Gin And Gingerbread – The Oldest Pairings in the World
Gin and Gingerbread—the Oldest Pairing in the World
The holidays aren’t complete without gingerbread. Elaborately decorated gingerbread houses, trays of fresh baked cookies—gingerbread flavored lattes, hot chocolates and eggnogs–once the temperature drops, gingerbread confections start appearing everywhere. And what better way to wash down a nibble of gingerbread than with a tipple of gin.
Even if you’ve never tried it, gin and gingerbread have gone hand-in-hand for centuries. In fact, they were the first ever recorded alcohol and food pairing.
Back in the 1600s, winter temperatures in England would fall so low that London’s Thames River would freeze solid. And in those days before Netflix and chill, bored Londoners would turn the frozen Thames into their playground. Clever vendors looking to make a quick shilling set up market stalls offering a plethora of wintery gastronomic delights and shoppers at these famous “Frost Fairs” frequently snacked on gingerbread as they sipped hot gin. Yes, hot.
Back then in England, winter cocktails were almost always served warm. Body warming beverages were a necessity, as Britain didn’t get widespread central heating until the 1970s. The gin was sold by the Frost Fair vendors in steaming cups and paired with gingerbread, because the natural warming properties of ginger also helped keep people toasty.
In time, a favorite way to enjoy the pairing was by imbibing a Hot Gin Twist, which reached peak popularity in 1823 and was frequently written about in newspapers, novels, and poems. A mix of gin, simple syrup and lemon juice, it’s a delicious and wonderfully simple cocktail to make at home. To make one for yourself, just mix a shot of gin, half a shot of lemon juice, and half a shot of simple syrup in a toddy glass or tall mug, and then top off the glass with boiling water.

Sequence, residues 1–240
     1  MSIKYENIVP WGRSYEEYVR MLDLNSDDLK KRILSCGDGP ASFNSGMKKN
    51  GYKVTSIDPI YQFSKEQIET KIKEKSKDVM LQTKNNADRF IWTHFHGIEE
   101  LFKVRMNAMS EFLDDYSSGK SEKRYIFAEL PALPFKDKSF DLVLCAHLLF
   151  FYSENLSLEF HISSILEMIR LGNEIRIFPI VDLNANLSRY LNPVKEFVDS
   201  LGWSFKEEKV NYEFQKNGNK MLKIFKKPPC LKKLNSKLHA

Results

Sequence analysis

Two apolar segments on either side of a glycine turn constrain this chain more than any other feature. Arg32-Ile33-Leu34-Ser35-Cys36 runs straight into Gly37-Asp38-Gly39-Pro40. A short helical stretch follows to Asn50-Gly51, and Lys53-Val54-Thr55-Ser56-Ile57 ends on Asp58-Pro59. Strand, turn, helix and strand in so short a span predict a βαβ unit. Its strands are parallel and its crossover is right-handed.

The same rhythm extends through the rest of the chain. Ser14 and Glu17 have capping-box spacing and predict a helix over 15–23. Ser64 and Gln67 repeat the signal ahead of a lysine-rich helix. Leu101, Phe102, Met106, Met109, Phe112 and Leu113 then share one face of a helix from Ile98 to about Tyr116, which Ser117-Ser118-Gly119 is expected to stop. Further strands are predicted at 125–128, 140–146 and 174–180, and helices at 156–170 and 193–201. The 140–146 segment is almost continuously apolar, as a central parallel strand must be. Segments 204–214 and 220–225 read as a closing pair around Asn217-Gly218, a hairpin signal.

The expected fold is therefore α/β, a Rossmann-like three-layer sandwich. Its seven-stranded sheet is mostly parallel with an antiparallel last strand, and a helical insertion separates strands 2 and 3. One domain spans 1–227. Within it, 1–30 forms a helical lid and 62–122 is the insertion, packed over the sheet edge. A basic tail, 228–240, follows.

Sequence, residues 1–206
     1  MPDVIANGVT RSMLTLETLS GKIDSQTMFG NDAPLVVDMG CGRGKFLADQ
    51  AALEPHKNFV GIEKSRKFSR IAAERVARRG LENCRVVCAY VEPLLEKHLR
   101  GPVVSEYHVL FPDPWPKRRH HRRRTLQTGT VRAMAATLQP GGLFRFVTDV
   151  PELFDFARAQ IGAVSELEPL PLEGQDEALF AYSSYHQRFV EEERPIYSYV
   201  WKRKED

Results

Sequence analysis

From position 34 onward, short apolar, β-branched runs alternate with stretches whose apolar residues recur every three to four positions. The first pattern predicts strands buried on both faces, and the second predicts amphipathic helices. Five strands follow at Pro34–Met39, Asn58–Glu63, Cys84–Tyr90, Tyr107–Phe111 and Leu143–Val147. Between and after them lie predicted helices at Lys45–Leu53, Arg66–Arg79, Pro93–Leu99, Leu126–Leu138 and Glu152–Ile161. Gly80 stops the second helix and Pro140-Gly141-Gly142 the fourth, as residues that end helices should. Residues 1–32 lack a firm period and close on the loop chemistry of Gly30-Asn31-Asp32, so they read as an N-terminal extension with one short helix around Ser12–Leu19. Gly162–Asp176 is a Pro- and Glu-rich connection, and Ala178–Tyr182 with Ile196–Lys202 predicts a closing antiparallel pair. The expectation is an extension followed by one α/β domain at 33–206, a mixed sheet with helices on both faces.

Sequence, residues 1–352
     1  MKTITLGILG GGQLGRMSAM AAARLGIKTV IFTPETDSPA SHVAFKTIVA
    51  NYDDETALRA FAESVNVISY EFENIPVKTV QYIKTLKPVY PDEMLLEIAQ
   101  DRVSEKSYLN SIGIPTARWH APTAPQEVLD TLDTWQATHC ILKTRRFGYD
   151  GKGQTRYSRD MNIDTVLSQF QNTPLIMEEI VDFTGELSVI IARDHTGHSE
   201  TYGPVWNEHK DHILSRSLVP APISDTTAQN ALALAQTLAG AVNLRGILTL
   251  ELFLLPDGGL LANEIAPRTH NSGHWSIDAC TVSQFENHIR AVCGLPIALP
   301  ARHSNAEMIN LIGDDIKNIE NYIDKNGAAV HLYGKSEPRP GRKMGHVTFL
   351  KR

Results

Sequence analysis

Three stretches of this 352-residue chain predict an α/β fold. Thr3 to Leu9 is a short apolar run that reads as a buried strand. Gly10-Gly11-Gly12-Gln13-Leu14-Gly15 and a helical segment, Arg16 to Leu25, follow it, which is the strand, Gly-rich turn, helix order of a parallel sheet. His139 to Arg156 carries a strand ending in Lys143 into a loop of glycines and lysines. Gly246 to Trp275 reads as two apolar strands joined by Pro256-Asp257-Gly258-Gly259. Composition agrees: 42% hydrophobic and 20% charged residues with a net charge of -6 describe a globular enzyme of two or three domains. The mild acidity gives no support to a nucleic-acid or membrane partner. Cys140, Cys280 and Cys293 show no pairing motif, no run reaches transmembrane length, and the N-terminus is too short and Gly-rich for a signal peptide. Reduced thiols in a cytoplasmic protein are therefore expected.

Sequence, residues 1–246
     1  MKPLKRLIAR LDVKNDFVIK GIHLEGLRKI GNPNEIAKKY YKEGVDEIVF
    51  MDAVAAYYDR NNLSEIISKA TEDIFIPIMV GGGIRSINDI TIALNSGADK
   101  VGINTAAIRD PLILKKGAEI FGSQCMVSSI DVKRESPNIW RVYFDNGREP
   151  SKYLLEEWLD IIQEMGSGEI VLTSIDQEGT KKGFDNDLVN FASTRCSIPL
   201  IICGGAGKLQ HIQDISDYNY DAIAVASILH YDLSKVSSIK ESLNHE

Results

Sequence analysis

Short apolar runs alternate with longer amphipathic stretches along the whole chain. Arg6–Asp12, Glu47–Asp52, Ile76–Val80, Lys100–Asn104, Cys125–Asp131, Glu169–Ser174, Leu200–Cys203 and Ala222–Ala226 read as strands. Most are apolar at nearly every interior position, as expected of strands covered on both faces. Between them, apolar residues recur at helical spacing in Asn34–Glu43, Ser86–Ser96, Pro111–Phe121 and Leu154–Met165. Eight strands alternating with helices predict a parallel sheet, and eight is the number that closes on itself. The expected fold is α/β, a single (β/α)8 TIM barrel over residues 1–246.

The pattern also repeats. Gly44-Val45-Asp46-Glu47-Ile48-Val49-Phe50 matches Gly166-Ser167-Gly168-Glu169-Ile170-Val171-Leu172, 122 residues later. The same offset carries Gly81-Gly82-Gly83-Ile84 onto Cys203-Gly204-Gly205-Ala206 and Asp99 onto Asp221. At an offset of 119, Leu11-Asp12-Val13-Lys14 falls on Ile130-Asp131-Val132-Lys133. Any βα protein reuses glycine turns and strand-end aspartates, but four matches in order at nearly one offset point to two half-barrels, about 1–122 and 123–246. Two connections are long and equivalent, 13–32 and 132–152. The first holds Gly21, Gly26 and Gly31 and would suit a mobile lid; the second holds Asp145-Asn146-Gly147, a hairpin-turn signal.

Even if you aren’t counting on your cocktail and snack to keep you free of frostbite, you can cozy up to your fireplace as you sip your gin (hot or cold) and snack on gingerbread. And if you prefer to drink your dessert, you can combine the two flavors with this festive cocktail.
Gin & Gingerbread
¼ Cup J.J. Pfister Capitol Gin
1 Bottle of Stout Beer (such as Guinness)
A Pinch each of Ground Ginger and Ground Cinnamon
One shot of Gingerbread Syrup (see recipe below)
Mix the Gin, a single shot of the gingerbread syrup and the bottle of stout in a pitcher and stir with a milk frother to create a head. Once frothy, pour into copper mugs over ice and garnish with a sprinkle of ginger and cinnamon.
Gingerbread Syrup Recipe
2 Cups Sugar
2 Cups Hot Water
1 Tbsp Ground Ginger
1 Tbsp Ground Cinnamon
1 Tbsp Ground Nutmeg
1 Tbsp Vanilla Extract
Dissolve the sugar and water together in a saucepan, then stir in the ginger, cinnamon, nutmeg and vanilla extract. The mixture will keep for around four weeks when refrigerated and can also be used to add a gingerbread taste to coffee, ice cream and other desserts.